ILLINOIS NEWS NETWORK
A little more than a month after its passage, a private school scholarship program created in the sweeping education funding reform overhaul signed into law in August and touted as a win by Gov. Bruce Rauner and Republicans is the target of a new bill that seeks to remove it.
State Sen. Jennifer Bertino-Tarrant, D-Shorewood, filed legislation Monday that would require state lawmakers to spend at least $350 million more on public school funding before the private school scholarship would be allowed to commence. The education funding reform measure set an additional $350 million in school funding annually as a target, but lawmakers knew they wouldn't be able to meet that threshold in the first couple years of funding, considering the billions of dollars the state has in back-logged bills.
The five-year scholarship program allows up to $75 million in tax exemptions from donors to help kids attend a private school. It was a major piece of the negotiation in convincing the GOP and Rauner to go along with the funding formula change and more than $200 million in new funding annually for Chicago Public Schools that many Republicans called a bailout of its failing pension system.
"People can't compromise anymore," said state Rep. Bob Pritchard, R-Hinkley. "It's always got to be my way or the highway."
Pritchard was one of the principal negotiators in the passage of the education reform bill. He said Bertino-Tarrant's bill is only the latest sign that some Democrats are unwilling to compromise, even after a deal is struck.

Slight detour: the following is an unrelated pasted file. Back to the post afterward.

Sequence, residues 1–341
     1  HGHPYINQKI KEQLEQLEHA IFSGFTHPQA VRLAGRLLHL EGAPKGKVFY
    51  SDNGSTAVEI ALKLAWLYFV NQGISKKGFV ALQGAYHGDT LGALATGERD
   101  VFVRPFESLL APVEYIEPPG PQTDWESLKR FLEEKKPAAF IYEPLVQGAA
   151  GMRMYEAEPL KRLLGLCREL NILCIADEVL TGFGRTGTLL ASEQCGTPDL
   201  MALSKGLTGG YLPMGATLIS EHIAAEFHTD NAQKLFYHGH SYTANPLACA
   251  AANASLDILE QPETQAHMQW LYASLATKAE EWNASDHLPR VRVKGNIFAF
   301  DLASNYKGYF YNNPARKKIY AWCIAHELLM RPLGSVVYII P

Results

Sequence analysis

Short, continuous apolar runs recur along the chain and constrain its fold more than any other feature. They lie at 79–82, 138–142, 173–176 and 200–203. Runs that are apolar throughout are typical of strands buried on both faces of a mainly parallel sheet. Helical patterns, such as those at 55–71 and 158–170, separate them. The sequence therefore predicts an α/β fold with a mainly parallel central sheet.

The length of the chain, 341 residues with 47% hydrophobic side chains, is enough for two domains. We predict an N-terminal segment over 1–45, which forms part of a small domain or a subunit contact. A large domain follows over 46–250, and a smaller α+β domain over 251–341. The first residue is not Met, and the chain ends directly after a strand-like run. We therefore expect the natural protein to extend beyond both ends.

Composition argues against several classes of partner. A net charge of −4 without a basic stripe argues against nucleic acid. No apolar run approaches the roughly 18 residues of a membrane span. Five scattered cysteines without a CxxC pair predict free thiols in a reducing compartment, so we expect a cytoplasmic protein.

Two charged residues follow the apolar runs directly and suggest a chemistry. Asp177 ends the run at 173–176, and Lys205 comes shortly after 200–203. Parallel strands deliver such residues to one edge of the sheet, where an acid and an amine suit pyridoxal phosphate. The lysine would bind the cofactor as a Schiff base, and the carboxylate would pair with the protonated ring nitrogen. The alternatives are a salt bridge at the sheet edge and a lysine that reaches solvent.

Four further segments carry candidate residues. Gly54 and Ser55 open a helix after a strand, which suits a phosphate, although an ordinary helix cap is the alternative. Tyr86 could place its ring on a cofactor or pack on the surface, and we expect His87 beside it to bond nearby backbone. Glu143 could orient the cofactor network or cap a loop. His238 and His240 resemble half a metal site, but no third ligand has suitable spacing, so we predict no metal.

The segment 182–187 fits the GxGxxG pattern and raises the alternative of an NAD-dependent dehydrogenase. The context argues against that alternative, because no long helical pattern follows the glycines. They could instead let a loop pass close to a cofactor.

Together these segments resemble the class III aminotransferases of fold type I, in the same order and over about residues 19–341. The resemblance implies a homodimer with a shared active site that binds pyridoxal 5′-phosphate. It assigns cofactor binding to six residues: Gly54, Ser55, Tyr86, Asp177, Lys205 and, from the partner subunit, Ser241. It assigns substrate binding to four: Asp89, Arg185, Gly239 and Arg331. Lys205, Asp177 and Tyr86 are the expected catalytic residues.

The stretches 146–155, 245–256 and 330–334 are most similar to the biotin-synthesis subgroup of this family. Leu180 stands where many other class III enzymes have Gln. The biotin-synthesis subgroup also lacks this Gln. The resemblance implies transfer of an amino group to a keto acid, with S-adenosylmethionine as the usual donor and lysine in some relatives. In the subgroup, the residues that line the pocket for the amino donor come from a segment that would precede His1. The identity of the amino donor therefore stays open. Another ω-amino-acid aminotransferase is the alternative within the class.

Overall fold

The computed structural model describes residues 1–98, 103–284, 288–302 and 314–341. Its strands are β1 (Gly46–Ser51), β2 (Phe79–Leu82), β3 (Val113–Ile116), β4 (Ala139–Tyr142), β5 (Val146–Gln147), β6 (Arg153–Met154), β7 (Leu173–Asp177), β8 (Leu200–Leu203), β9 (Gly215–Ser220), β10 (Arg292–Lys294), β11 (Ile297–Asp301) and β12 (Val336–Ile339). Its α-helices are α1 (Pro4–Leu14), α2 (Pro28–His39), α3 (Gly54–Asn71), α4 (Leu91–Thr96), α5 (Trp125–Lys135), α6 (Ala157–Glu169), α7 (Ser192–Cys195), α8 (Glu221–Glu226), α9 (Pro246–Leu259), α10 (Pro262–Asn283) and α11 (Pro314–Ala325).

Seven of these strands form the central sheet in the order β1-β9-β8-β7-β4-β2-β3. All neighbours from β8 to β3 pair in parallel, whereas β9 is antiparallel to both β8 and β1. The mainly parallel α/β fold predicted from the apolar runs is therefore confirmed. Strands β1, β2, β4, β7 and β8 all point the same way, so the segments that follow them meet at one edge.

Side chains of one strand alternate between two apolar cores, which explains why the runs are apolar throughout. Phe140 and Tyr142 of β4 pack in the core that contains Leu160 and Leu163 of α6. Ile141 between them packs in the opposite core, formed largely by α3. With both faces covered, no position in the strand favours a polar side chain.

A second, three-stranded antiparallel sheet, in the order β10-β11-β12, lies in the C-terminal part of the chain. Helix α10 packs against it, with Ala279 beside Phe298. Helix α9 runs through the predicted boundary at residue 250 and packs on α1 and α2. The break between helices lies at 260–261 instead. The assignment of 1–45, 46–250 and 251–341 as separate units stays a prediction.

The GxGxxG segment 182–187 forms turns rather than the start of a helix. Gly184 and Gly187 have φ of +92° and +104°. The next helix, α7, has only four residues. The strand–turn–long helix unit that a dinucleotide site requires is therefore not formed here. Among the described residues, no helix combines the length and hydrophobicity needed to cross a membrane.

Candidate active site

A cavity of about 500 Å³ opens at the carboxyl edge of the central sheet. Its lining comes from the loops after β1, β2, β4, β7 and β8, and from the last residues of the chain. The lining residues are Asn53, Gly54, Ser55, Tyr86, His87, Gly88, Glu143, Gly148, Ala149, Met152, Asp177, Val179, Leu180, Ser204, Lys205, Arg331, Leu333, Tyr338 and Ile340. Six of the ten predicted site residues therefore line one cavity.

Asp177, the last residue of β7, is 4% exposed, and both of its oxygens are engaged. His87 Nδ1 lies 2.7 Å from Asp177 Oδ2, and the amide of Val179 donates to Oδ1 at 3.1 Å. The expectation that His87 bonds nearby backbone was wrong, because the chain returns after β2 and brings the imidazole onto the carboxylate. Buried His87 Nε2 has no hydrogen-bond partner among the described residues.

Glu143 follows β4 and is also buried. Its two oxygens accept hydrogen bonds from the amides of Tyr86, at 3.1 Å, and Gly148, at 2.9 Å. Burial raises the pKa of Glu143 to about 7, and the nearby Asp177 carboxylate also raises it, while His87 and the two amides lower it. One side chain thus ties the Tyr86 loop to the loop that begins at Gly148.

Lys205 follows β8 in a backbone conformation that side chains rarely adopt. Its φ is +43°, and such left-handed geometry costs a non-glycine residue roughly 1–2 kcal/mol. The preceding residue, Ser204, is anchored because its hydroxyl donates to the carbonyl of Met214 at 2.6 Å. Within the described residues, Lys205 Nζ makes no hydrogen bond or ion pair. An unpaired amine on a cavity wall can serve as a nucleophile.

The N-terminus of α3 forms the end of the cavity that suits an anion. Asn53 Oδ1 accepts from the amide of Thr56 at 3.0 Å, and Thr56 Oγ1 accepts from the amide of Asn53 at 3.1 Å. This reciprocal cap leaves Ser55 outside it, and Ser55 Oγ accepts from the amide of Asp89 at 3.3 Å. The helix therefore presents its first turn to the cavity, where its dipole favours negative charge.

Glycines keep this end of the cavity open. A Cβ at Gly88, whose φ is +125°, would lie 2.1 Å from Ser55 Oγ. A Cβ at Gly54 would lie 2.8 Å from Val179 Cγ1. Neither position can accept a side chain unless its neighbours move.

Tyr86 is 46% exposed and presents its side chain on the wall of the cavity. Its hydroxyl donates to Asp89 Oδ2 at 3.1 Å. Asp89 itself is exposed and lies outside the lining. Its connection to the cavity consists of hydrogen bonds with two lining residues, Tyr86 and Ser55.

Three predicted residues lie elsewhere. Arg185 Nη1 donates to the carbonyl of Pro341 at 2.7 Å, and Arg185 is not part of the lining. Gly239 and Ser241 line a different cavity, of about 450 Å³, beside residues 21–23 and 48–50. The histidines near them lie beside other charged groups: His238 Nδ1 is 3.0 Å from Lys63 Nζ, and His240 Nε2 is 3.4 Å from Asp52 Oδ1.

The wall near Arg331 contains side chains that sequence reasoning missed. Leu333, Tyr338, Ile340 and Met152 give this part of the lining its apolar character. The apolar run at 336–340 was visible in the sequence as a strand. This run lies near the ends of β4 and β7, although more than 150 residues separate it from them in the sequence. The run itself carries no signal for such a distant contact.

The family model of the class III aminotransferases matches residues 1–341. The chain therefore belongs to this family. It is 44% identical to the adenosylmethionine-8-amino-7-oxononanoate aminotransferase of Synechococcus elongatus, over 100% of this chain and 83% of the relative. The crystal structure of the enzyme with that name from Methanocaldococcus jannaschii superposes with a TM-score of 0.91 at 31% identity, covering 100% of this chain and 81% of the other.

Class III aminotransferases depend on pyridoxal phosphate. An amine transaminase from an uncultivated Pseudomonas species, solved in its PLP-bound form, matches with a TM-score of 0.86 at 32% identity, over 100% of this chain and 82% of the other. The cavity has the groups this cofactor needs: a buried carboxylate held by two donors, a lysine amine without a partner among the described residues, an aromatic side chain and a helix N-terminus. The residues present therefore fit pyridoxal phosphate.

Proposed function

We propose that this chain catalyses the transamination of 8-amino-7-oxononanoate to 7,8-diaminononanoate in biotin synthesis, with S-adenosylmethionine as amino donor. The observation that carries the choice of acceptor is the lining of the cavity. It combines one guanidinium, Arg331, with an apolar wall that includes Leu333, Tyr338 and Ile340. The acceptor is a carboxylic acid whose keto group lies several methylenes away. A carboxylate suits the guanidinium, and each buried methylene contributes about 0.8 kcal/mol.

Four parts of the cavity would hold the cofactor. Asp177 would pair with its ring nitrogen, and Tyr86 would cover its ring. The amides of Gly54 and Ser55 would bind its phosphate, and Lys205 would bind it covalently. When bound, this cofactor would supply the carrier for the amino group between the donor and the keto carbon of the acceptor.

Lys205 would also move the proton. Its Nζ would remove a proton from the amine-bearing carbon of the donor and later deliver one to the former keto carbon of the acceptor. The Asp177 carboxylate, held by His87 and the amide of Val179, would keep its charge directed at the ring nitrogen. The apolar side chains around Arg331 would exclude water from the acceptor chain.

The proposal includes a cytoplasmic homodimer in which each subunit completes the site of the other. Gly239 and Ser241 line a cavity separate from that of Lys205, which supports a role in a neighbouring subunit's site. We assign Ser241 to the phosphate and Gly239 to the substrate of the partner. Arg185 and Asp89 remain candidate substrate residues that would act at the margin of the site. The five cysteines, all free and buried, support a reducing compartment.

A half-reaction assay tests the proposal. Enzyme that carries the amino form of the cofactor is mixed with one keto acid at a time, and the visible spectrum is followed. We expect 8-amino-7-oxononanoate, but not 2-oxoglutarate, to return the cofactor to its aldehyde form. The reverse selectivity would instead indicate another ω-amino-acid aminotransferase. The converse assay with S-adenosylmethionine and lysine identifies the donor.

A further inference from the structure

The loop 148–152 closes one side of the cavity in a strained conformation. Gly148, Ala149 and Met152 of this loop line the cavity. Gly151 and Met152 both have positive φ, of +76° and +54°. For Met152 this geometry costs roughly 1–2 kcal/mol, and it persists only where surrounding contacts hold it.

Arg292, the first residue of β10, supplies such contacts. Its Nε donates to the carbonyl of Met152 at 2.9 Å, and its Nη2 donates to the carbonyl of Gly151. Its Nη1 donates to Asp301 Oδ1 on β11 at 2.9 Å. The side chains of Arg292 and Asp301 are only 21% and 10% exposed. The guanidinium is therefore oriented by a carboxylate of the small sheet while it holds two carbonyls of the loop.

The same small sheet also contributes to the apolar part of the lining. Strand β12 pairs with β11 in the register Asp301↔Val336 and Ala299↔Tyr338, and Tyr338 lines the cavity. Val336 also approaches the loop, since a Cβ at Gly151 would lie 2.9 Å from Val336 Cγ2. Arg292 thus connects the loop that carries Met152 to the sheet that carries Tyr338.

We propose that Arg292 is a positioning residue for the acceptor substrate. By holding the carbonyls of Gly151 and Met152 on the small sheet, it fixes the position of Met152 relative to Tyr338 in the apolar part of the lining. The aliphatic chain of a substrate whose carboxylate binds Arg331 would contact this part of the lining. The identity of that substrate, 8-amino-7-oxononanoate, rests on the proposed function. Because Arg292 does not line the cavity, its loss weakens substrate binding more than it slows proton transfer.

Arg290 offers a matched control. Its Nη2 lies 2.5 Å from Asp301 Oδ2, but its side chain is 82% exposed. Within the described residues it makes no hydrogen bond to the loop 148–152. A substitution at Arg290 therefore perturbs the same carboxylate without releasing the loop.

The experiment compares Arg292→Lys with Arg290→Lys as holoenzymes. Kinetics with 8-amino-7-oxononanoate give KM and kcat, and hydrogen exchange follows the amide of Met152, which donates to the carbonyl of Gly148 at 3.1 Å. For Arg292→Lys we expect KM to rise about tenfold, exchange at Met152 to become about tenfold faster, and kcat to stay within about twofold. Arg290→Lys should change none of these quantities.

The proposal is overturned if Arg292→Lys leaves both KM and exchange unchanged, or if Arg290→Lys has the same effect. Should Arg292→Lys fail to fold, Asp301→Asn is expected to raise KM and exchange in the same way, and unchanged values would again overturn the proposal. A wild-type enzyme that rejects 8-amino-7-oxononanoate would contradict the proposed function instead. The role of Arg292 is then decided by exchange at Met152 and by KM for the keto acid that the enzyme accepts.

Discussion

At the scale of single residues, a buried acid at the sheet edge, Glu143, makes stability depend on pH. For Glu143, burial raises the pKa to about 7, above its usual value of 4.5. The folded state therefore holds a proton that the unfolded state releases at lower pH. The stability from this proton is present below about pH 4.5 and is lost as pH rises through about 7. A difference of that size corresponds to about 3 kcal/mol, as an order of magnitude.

It's possible for the state to meet that $350 million mark in the coming fiscal year, when the private school scholarship program is set to begin, but Pritchard said it would be incredibly difficult. The state will likely still be dealing with billions in unpaid bills, in addition to a budget shortfall of more than $1 billion in the current budget.
On the other side of the negotiating table for the education reform negotiations was state Rep. Will Davis, D-Homewood. He couldn't say he would support Bertino-Tarrant's bill simply because the private school program was part of the deal to get the bill signed into law.
"I appreciate what she's attempting to do, but I supported that compromise and I told my members that I would vote for that compromise," he said.
A spokesman for Senate Pres. John Cullerton's office said they will review the bill. Bertino-Tarrant's staff later said in an email that she was not part of earlier negotiations and this is legislation she is asking the Senate to consider.
Bertino-Tarrant voted for the education reform bill in August.